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Apr 24th
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Lily Tomlin Gives In

NEW LILYLady Lily unveils the deeper truths about life—and working with Robert Altman

Let’s get one thing straight: Lily Tomlin loved morphing into the characters of Edith Ann and Ernestine on stage and in the hit ’70s show Laugh-In, but she also relished working with a phenom like Robert Altman (Short  Cuts, Gosford Park). The revered director did, after all, cast Tomlin in her big screen, Oscar-nominated debut in 1975’s Nashville, a film that launched a bevy of careers, Cybil Shepherd and Jeff Bridges among them. Altman is also at the helm of this June’s A Prairie Home Companion, a vibrant ensemble piece in which Tomlin co-stars alongside Meryl Streep, Kevin Kline, Virginia Madsen, Woody Harleson and the avuncular Garrison Keillor—it’s based on Keillor’s long-running radio show of the same name; Tomlin plays the second half a singing sister act. Here, the Emmy-winning actress and theatrical muse (“The Search for Intelligent Life in the Universe”) opens up on her life, and what it was like working with a titan like Altman.

Q: THIS ISN’T THE FIRST TIME YOU’VE WORKED WITH ALTMAN. HE CAST YOU IN ‘NASHVILLE’ AND LATER, ‘SHORT CUTS.’

A: Well, most actors are crazy about him, because you get  to play. And you get to play with other actors that want to play. And everybody is very elagilatrian; everbody always gets paid the same—nobody has a trailer.

I mean, Virginia Madsen  was saying it was like Actors Camp and it was.

 

Q: SO, WHAT DO YOU LOVE MOST ABOUT WORKING WITH ALTMAN?

A: Well, that there is never any tension on the set. You’re never treated as if you are missing your mark; never feel that he is judging you for anything.  So, your fearless. You’re OK. You always want to make him laugh—that’s what we [Tomlin and Meryl Streep] did at the Oscars. We wanted to honor him, and he’s very irreverent—the last thing he’d want  us to be was sanctimonious about him. And thank God that it turned out. We were pretty much on edge just stepping out there.

 

Q: WHAT DO YOU LOVE MORE—PERFORMING ON STAGE OR THE SCREEN?

A: [Smiles] I like the stagemost of all because I know

more what to do—I can do that by myself.  And,  probably because it’s more

personal.

 

Q: A GREAT DEAL OF YOUR WORK HAS DEPTH—THE SEARCH FOR INTELLIGENT LIFE … I HEART HUCKABEES …  EVEN THIS NEW ROLE. WHY ARE YOU DRAWN TO DEEPER MATERIAL?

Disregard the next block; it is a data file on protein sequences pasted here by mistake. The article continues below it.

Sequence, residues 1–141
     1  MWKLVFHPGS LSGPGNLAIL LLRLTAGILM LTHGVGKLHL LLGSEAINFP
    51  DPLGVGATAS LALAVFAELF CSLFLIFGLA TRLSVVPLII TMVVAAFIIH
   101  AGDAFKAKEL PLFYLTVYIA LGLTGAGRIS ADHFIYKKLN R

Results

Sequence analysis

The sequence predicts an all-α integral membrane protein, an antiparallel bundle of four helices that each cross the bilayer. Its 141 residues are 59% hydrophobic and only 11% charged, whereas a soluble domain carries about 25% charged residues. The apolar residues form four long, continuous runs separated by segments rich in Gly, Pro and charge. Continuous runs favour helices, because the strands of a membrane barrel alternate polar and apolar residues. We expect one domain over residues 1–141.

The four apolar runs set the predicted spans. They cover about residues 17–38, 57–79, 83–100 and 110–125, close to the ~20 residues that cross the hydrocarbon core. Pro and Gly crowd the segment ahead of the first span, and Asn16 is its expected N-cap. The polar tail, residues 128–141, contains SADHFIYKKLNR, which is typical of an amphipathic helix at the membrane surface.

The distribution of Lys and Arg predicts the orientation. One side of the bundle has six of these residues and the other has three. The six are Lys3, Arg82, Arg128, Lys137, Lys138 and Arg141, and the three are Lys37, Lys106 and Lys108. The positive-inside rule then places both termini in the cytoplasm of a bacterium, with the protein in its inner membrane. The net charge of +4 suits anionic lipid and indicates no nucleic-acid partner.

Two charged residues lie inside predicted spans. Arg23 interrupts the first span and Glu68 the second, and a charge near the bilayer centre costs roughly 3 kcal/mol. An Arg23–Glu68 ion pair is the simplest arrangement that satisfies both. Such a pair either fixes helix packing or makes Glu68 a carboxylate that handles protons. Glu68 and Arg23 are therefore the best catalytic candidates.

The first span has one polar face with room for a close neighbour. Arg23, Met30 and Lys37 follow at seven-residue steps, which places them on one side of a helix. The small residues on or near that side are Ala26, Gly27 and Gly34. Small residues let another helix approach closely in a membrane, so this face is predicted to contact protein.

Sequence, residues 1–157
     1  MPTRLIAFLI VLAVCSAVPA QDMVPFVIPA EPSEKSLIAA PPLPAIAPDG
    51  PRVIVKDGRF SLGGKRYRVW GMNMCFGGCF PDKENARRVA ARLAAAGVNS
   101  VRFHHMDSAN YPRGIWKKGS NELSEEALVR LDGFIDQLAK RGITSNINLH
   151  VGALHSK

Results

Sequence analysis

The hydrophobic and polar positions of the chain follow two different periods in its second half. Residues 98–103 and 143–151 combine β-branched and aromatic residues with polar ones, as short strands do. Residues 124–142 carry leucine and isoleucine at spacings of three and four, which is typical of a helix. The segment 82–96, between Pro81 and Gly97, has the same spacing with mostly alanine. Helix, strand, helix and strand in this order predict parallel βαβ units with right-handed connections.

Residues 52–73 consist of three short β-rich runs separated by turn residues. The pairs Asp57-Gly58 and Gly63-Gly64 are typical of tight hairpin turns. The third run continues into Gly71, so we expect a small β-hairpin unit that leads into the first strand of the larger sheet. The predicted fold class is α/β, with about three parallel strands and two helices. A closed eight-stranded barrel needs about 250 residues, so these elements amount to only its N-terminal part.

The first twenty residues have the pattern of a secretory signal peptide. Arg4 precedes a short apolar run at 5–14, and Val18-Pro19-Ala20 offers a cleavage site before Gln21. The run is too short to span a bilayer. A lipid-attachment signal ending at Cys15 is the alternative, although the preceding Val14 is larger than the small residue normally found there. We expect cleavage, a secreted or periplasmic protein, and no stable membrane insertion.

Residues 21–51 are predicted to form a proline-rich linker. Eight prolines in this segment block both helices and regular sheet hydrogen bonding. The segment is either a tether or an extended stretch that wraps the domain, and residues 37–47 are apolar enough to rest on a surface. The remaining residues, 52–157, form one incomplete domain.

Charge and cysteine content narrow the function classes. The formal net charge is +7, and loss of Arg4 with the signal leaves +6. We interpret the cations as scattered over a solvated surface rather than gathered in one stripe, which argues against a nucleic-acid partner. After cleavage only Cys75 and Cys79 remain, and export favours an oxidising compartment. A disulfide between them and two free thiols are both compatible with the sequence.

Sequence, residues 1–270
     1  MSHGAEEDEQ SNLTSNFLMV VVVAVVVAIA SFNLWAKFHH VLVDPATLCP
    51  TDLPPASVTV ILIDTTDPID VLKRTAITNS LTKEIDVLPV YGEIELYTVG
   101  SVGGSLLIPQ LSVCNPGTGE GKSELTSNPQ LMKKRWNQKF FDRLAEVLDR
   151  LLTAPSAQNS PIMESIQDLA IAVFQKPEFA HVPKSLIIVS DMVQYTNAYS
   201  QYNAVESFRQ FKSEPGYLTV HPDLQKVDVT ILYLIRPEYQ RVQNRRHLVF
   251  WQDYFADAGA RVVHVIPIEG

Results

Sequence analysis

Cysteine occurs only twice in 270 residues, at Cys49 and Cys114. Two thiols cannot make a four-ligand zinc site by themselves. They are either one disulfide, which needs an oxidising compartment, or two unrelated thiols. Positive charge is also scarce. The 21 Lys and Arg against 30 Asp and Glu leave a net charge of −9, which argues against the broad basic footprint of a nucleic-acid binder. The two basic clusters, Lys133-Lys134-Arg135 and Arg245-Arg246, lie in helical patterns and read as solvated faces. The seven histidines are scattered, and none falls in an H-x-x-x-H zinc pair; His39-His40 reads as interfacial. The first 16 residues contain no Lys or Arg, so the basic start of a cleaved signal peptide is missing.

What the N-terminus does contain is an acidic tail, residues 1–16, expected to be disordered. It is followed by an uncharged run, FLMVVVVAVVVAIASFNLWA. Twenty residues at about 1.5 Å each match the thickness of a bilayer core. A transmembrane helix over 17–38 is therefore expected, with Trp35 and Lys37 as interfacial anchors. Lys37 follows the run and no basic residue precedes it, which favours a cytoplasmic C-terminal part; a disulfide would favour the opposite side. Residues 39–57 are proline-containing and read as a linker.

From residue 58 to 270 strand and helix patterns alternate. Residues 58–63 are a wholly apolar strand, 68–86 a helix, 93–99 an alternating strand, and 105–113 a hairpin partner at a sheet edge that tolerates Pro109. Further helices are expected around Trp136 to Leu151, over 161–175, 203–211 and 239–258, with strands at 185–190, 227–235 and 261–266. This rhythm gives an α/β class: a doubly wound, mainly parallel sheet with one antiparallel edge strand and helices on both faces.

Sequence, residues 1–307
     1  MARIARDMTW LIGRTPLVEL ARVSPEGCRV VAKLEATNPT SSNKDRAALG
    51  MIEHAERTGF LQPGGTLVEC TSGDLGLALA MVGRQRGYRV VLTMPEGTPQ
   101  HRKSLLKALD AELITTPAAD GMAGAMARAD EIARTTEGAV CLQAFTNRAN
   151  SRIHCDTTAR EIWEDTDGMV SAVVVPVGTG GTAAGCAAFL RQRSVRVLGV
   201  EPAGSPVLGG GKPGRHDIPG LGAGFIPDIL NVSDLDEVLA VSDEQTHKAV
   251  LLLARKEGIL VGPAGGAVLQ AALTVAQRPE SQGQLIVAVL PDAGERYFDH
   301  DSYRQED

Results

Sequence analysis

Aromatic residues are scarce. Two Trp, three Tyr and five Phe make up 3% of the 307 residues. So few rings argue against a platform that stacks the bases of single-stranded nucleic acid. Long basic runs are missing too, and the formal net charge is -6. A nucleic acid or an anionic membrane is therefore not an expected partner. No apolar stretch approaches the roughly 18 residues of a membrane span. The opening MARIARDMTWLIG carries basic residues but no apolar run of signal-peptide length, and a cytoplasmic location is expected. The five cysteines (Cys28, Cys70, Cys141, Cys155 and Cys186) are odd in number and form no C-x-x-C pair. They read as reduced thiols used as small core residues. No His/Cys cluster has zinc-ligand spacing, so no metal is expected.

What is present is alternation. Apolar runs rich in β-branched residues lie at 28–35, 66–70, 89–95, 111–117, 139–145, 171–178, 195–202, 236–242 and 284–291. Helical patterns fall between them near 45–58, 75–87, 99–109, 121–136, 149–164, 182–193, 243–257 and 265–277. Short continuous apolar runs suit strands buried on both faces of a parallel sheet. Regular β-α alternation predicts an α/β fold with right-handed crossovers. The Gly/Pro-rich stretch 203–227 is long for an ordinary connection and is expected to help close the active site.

A: Well, of course Jane wrote ‘The Search …’ and she is smart, very bright but our sensibilities were always the same. That’s partly what drew us together in the first place. About the deep material …I don’t know.  It’s richer. I like it more. It has layers.  But I also love doing the the superficial, farcical things as long as it’s done wonderfully.

 

Q: WHAT’S THE BEST ADVICE YOU’VE BEEN GIVEN?

A: Hmm. There’s two or three actually.  And some probaly aren’t even true, I don¹t know, but they sort of informed me in some way. Like Altman  always said … well, I’d be stressing over some artistic confliction with somebody else and he’d  say, ‘Oh, giggle and give in.’

 

Q: LOVE THAT.

A: Yeah, it’s good. And then when I was younger, somebody had told me that the human mind can’t hold two opposing thoughts at the same moment—that you can’t hold a negative thought and a positive thought at exactly  the same moment. So, I thought at the time, ‘That¹s profound. I like that.’ And then, when I was a little tiny girl, Mrs. Rupert, who was a botanist and teaching me, or preparing me to rise above my station in life [laughs]—she thought that I had the most potential—on her desk, she had a big old paperweight that read: ‘Don¹t go away mad. Just go away.’ At the time, I was about 8, I thought, ‘That is so great, that is so deep.’ [Laughs].

 

Q: WHAT’S THE MOST INTERESTING THING YOU’VE BEEN LEARNING ABOUT YOURSELF LATELY?

A: Oh God … probably that ... I shouldn’t have been so intense during my early career. I  would just beat myself up terribly over  what I construed as failures. Like when I did my second television special, ‘Lily Tomlin’ … I just came off of ‘Laugh-In’ so when I did a special, I had a huge rating—this was March of ’73—and the special wasn’t that great but I had gotten a 45 share, so for the second one they put me up against a Carson roast on NBC and I only  got a 29 share. I was just devastated. I thought, ‘I’ll never get another job;  never have another special’ I would not talk to anybody on the phone. I was weeping day and night. Life was finished. I thought I had failed terribly and then the show won two Emmys. [Laughs] Anyway, it all turned out fine and  ... what did you ask me now, dammit ...

Q: WHAT YOU HAVE BEEN LEARNING LATELY ...

A: Yes, that’s right.  Well, I’ve been thinking … [Smiles] … that it would have been much easier to just … giggle and give in—and just be freer.

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